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Re: st: ivreg2: No validity tests if just-identified?


From   Michael Hanson <mshanson@mac.com>
To   statalist@hsphsun2.harvard.edu
Subject   Re: st: ivreg2: No validity tests if just-identified?
Date   Wed, 15 Apr 2009 21:59:21 -0400

On Apr 15, 2009, at 7:46 PM, Jennifer Beardsley wrote:

Dear Stata-list,

I worked quite carefully through the various options in ivreg2 and ivregress for testing (a) instrument validity (orthogonality etc) and (b) instrument strength (correlatedness with endogenous regressors). After doing so, I seem to be arriving at the conclusion that there is no way to test (a) if the model is just- identified, i.e. if I have the same number of excluded instruments as I have endogenous regressors). For example, the Sargan overid statistic, the C-statistic, the LR IV redundancy test statistic, etc. all don't get produced unless the model is overidentified. Is that true?! If yes, I would need to rely on persuasion using economic intuition to make my case that the instruments are valid, and there are no statistical tools to use?

In contrast, there do seem to be ready statistics I can draw on to examine instrument weakness/strength.

Thanks for any response,
Jennifer

Jennifer:

The short answer to your question is "yes", as most the tests you reference are tests of over-identifying restrictions. Think of it this way: you cannot test assumptions required to just identify a model, as -- by definition -- these assumptions are necessary in order to merely proceed with estimation. But, if you have more instruments than you need to just identify a model, you *can* test certain properties given the "extra" (I'm speaking loosely here) instruments. That's what many of the tests you cite above do, in so many words.

I'm not sure what you are looking for, but it sounds like you have some concern about the first-stage fit of your instruments. A useful rule of thumb is to look at the F-statistic for the first-stage regression in 2SLS: if it is larger than about 10, then you are unlikely to suffer from problems that arise with weak instruments. See the discussion in ch. 12 of Stock & Watson (2007); -estat firststage- after -ivregress- (in Stata 10) gives more precise critical values from Stock & Yogo (2005). I believe recent versions of -ivreg2- also report these statistics if you use Stata 9.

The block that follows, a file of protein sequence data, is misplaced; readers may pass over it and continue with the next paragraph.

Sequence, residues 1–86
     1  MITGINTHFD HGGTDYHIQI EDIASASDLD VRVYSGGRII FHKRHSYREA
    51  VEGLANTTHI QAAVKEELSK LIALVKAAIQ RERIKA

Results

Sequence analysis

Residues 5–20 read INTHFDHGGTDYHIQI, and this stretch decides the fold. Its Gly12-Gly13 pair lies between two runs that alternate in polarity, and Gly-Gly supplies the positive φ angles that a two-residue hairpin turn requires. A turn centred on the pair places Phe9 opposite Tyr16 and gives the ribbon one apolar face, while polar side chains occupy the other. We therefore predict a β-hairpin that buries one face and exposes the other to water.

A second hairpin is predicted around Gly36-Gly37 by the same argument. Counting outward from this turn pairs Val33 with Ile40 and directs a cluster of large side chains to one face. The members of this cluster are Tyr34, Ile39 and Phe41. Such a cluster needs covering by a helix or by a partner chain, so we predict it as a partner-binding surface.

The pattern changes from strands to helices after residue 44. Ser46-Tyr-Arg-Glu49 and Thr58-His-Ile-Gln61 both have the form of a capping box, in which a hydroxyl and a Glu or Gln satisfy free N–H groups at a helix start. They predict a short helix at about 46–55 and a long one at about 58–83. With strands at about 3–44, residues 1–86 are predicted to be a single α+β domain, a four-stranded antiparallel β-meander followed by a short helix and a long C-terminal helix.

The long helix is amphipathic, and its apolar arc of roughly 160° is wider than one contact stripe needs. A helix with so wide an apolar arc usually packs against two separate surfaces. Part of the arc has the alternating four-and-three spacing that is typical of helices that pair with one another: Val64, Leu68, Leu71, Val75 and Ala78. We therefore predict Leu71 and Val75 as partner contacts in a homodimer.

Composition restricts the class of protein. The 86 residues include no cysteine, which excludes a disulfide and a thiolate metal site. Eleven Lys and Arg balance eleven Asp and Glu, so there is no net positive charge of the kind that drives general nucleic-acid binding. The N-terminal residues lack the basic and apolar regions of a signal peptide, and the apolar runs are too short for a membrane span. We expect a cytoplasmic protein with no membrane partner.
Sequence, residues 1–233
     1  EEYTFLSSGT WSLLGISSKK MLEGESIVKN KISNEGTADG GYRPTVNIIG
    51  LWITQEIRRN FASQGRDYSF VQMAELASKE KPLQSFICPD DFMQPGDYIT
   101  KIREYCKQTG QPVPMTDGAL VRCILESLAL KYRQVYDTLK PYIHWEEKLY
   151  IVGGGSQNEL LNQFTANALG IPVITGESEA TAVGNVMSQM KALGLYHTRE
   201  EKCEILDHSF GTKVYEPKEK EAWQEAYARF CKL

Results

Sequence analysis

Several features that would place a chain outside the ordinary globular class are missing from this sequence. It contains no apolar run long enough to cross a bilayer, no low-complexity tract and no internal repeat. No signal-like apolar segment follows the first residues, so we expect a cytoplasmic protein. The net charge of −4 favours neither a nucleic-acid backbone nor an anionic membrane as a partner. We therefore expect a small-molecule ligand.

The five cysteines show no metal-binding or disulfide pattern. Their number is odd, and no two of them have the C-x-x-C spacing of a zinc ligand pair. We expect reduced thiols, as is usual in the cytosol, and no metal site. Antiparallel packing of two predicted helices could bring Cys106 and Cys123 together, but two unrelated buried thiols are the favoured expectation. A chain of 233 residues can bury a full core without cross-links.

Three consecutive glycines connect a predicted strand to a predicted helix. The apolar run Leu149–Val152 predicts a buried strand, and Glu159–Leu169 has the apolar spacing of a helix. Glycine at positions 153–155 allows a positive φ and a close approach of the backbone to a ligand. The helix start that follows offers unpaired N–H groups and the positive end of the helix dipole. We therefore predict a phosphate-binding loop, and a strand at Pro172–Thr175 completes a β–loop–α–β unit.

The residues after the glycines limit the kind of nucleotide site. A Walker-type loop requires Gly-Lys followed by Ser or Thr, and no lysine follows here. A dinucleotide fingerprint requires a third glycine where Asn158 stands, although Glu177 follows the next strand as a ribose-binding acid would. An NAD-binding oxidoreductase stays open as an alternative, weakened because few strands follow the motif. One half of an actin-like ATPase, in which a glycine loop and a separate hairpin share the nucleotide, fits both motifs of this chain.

To your concern about "economic persuasion": one would use instrumental variables if OLS is expected to yield biased results -- that is, if E[X'u] ~= 0. Of course, this moment condition is not testable: you must use economic theory and/or intuition ("persuasion") to argue for the need for an IV estimator in the first place. Similarly, an IV estimator requires the moment conditions E [Z'u] = 0 and E[Z'X] ~= 0. The second of these is "verifiable" through weak instrument tests as discussed above. The first cannot be tested, but the existence of "extra" moments beyond those needed to just identify the model allows one to test for over-identifying restrictions. (Again, speaking loosely.)

Hope that is helpful. In light of your questions, you might find it worthwhile to review textbook treatments of IV -- such as ch. 15 in Wooldridge (2006) or ch. 12 in Stock & Watson (2007). Both do a good job, in my opinion, of developing intuition for the IV estimator. For further discussion of the problems associated with weak instruments, you might start with Stock, Wright & Yogo (2002). There are many other folks on this list with expertise in this area who may chime in (such as Kit, who I see has already gave a pithy reply while I was composing this more prolix one).

Best,
Mike


Sources:

Stock, James, Jonathan Wright & Motohiro Yogo, "A Survey of Weak Instruments and Weak Identification in Generalized Method of Moments," Journal of Business & Economic Statistics, v.20 n.4, October 2002.

Stock, James & Mark Watson, Introduction to Econometrics, 2nd ed., Pearson Education: Boston. 2007.

Stock, James & Motohiro Yogo, "Testing for Weak Instruments in Linear IV Regression," Identification and Inference in Econometric Models: Essays in Honor of Thomas J. Rothenberg, Ed: Andrews & Stock, Cambridge University Press: Cambridge. 2005.

Wooldridge, Jeffrey. Introductory Econometrics, 3rd ed., Thomson Higher Education: Mason, OH. 2006.

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